Satires are always tough to nail. When done right, dark humour can provide powerful perspectives to explore our current social lives. In Dual, Riley Stearns blends high-concept sci-fi with deadpan comedy; creating quite an interesting premise. Unfortunately, it's a mixture that ends up being too inconsistent.
It's difficult to criticise a film when every storytelling element fulfils the purpose and intent of the writer-director. From the one-dimensional, apathetic performances to the overall heavy monotone, Stearns efficiently translates every idea from his imaginative screenplay to the silver screen. Karen Gillan, Aaron Paul, and every other actor seamlessly embody their dull characters. Just like the technical aspects, the entire cast does what's requested of them: to be wholly and utterly devoid of any sort of emotion or expression. To deliver every line of dialogue without an ounce of energy; to push the viewers away from any human connection whatsoever.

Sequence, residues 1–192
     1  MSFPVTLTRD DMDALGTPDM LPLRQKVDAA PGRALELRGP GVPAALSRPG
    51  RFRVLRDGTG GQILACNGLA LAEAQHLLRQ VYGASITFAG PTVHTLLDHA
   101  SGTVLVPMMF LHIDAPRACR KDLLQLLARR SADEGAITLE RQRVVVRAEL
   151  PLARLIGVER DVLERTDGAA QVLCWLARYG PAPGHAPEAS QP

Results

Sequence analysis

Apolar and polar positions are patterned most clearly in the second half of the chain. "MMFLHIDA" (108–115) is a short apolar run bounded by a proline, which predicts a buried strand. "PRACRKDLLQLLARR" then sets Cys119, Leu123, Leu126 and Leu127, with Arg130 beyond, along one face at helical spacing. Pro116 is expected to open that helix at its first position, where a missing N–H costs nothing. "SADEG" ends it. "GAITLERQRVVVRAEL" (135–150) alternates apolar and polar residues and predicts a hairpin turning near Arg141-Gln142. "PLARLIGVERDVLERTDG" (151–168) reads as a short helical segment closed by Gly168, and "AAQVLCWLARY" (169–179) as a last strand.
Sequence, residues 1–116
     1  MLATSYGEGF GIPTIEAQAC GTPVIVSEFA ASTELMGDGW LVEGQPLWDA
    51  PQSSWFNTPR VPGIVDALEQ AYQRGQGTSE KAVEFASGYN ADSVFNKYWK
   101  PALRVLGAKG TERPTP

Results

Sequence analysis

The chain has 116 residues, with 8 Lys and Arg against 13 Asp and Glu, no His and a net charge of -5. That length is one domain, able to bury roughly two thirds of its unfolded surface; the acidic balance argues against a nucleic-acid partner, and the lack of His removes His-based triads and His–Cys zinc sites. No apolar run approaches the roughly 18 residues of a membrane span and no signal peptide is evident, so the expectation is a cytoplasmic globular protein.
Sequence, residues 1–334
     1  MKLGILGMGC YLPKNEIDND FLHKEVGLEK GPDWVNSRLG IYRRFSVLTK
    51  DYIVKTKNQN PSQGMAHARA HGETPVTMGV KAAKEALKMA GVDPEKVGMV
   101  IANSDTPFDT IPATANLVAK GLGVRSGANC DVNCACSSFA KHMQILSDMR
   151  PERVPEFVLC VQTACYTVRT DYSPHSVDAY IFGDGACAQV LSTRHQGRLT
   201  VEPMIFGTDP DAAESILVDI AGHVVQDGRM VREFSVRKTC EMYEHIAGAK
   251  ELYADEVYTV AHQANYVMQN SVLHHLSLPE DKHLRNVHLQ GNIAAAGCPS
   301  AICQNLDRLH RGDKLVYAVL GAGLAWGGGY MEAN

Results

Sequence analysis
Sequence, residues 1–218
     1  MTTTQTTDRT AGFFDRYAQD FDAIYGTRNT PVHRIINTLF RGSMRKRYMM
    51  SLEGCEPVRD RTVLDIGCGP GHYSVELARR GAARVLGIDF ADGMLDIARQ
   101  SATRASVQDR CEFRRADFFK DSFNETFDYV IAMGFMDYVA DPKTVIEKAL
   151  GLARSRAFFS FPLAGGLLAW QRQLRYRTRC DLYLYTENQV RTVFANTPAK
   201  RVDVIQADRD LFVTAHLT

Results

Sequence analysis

The issue is unfortunately obvious. If the deadpan satire doesn't work, then everything crumbles. The vast majority of jokes rarely land, and the admittedly clever development of its thematic notions concerning humanity feel incredibly underwhelming & hollow. It becomes extremely challenging to connect with or care about a single character. This emotional detachment severely impacts the overall enjoyment of Dual. Apart from the entertaining, rather amusing period where Gillan and Paul share some screen-time; there isn't much else to look forward to. The last half-hour is exceptionally unsatisfying —undermining the respective build-up— leaving an overall feeling of disappointment and frustration
Dual boasts an intriguing, high-concept premise that entirely commits to Riley Stearns' deadpan satire. But despite being full of purpose and intent, the latter component is taken to such an extreme that it negatively impacts everything which surrounds it. Every filmmaking and storytelling element feels incredibly underwhelming and ultimately hollow. Audiences will struggle to find enjoyment in a world full of interesting ideas; infused with divisive execution.